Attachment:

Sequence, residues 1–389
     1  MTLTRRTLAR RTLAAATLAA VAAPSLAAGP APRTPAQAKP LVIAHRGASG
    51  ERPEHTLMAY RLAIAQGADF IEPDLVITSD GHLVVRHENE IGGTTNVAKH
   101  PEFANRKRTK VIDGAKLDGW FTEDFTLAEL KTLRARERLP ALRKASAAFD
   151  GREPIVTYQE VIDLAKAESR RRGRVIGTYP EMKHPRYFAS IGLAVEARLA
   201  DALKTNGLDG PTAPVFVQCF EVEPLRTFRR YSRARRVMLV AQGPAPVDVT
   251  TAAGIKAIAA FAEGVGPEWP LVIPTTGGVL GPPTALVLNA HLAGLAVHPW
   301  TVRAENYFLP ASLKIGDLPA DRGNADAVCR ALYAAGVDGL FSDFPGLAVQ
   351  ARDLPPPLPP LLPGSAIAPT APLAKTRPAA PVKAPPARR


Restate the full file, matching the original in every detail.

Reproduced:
Sequence, residues 1–389
     1  MTLTRRTLAR RTLAAATLAA VAAPSLAAGP APRTPAQAKP LVIAHRGASG
    51  ERPEHTLMAY RLAIAQGADF IEPDLVITSD GHLVVRHENE IGGTTNVAKH
   101  PEFANRKRTK VIDGAKLDGW FTEDFTLAEL KTLRARERLP ALRKASAAFD
   151  GREPIVTYQE VIDLAKAESR RRGRVIGTYP EMKHPRYFAS IGLAVEARLA
   201  DALKTNGLDG PTAPVFVQCF EVEPLRTFRR YSRARRVMLV AQGPAPVDVT
   251  TAAGIKAIAA FAEGVGPEWP LVIPTTGGVL GPPTALVLNA HLAGLAVHPW
   301  TVRAENYFLP ASLKIGDLPA DRGNADAVCR ALYAAGVDGL FSDFPGLAVQ
   351  ARDLPPPLPP LLPGSAIAPT APLAKTRPAA PVKAPPARR